Lot 58
  • 58

KAWS | KURF (HOT DOG)

Estimate
1,500,000 - 2,000,000 USD
Sold
bidding is closed

Description

  • KAWS
  • KURF (HOT DOG)
  • signed and dated 08 on the reverse
  • acrylic on canvas
  • 68 by 68 in. 172.7 by 172.7 cm.

Provenance

Private Collection, Los Angeles
Private Collection, Japan
Acquired by the present owner from the above

Exhibited

Los Angeles, Honor Fraser, The Long Way Home, February - April 2009
Los Angeles, Royal T, The Art of Cooking, April - August 2012 

Literature

Ian Luna and Lauren A. Gould, KAWS, New York, 2010, p. 37, illustrated

Catalogue Note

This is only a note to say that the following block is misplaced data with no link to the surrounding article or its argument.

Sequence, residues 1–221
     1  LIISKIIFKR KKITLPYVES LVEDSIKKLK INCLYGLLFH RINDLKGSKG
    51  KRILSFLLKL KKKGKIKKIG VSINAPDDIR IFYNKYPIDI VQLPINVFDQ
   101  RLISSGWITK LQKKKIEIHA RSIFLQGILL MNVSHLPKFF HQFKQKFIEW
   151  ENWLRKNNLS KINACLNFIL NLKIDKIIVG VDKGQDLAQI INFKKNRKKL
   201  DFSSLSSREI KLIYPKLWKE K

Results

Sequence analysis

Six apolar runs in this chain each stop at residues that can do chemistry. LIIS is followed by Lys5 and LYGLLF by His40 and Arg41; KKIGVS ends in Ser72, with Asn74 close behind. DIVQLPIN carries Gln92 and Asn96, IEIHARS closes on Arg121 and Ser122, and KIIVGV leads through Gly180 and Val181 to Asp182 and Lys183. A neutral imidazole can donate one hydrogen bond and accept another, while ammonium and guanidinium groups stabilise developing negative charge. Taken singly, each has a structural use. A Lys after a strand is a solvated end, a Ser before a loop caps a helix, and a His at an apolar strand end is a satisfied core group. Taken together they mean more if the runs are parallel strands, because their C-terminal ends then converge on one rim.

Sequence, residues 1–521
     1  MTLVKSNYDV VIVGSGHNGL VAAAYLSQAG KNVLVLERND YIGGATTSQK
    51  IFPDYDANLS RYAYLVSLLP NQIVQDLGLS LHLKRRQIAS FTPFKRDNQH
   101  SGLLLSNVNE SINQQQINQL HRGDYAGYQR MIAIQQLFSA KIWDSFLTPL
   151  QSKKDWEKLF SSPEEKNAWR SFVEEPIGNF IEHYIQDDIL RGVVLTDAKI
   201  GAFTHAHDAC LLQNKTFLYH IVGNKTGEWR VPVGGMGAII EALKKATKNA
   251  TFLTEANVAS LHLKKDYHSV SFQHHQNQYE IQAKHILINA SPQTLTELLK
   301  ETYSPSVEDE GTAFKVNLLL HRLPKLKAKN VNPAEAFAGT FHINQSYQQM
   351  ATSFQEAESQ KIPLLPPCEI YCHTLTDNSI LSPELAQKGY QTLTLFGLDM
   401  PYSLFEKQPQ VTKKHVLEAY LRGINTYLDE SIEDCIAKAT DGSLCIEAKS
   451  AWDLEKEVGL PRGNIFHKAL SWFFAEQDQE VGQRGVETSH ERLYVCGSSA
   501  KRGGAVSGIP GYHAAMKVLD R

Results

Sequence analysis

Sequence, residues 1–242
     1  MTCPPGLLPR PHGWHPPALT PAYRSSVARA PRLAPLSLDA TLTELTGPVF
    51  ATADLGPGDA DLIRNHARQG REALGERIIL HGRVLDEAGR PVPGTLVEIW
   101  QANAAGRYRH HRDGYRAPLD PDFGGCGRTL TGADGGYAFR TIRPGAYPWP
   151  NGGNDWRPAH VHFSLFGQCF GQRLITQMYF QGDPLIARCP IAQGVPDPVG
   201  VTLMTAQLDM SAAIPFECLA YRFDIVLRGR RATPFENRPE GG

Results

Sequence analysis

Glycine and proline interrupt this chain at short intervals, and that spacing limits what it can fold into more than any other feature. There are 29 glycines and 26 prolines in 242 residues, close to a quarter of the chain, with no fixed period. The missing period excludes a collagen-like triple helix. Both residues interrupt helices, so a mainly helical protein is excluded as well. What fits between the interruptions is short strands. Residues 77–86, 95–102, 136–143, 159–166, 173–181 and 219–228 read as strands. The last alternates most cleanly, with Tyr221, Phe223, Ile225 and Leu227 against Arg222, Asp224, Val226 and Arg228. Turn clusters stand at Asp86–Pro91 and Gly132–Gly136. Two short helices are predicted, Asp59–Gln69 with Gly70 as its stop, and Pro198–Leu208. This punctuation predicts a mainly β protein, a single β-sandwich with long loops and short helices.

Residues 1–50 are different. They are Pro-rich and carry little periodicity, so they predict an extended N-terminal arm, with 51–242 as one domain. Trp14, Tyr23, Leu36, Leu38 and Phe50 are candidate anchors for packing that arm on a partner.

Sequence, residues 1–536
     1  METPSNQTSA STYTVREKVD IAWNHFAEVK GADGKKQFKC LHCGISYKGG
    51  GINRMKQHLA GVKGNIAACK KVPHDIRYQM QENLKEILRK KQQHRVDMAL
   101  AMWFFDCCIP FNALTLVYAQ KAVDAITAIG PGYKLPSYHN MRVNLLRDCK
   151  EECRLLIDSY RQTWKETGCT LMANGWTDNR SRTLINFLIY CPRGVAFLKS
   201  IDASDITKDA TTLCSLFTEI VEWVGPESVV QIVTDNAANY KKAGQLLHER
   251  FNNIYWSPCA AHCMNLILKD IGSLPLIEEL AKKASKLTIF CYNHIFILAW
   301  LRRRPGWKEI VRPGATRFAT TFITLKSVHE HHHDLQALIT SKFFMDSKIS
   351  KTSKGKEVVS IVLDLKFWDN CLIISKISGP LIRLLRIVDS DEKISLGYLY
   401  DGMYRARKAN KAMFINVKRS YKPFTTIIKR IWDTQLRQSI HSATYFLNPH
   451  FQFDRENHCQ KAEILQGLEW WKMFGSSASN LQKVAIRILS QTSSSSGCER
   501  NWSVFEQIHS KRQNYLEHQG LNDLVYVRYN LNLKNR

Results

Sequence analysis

Engaging and enigmatic in equal measure, KURF (HOT DOG) epitomizes the playful dynamism and sophisticated manipulation of familiar imagery that distinguishes the acclaimed output of KAWS. Composed of vibrantly saturated colors and boldly defined forms, the present work exemplifies the artist’s continuing investigation and engagement with the legacy of Pop culture, as articulated through his signature style. In KURF (HOT DOG), KAWS outfits his figure in the guise of a ‘Smurf,’ the humorous woodland character familiar from innumerable comics and toys of childhood; marked by the artist’s signature ‘X’ eyes, a sinister and fascinating hallmark of his practice, this inscrutable animation is gradually revealed to be an iconic figure from KAWS' visual lexicon. Amongst the foremost heirs to the Pop legacy of such artists as Andy Warhol, Roy Lichtenstein, and Claes Oldenburg, KAWS has risen to acclaim in recent years for the shrewd examination of mainstream visual culture embodied within his distinctive oeuvre. Infiltrating and appropriating the realms of consumerist and entertainment imagery, his paintings and sculptures examine the psychology of contemporary society through an intriguing cast of cartoon characters that, in their iconic familiarity and suggestion of mass-production, blur the boundary between commercial retail and the vanguard of Contemporary art. In KURF (HOT DOG), KAWS presents a figure both innocuous and acutely referential; drawing upon innumerable animated tropes, the character is immediately familiar to the viewer, situating us within a mainstream cultural narrative far more expansive than the whimsical scene before us. KAWS, who worked as an animator for Disney before establishing his artistic practice, cites mainstream cartoons as a central influence upon his oeuvre, explaining that he “found it weird how infused a cartoon could become in people’s lives; the impact it could have, compared to regular politics.” (The artist cited in Healy & Murray, “Graffiti Artist Turned Gallery Artist Turned Art Toy Maker, KAWS," Pop, February 2007, pp. 260-265) Similar to the impersonal portrayal of animated imagery upon a screen, KAWS deftly removes all trace of the artist’s hand, instead executing the clean lines and saturated colors of KURF (HOT DOG) with the exacting precision of commercial fabrication. This manner of execution originates in KAWS’ years as a graffiti artist, when he would modify billboards and other advertisements with such unerring skill that the additions would seamlessly integrate into the original imagery. Held within the figure’s bright blue hand, the elongated hot dog of the present work appears cartoonishly, even absurdly large, extending out beyond the crisp edge of the canvas. A quintessential food within the American visual lexicon, KAWS’ depiction of such an omnipresent consumer item invokes the legacy of American Pop art, continuing in the tradition of artists as storied as Andy Warhol, Roy Lichtenstein and Jeff Koons. As he rests atop a log, neatly nestled in a thicket of lush grass, the impish figure of KURF (HOT DOG) encapsulates the very best of the artist’s fascinating and pervasive oeuvre, keenly resisting all attempts at categorization while delivering striking commentary upon the visual culture of our day.  As Michael Auping attests, “KAWS is not just referring to pop culture, he is making it.” (Michael Auping, "America’s Cartoon Mind" in Exh. Cat., Fort Worth, Modern Art Museum of Fort Worth, Where the End Starts, 2017, p. 63)

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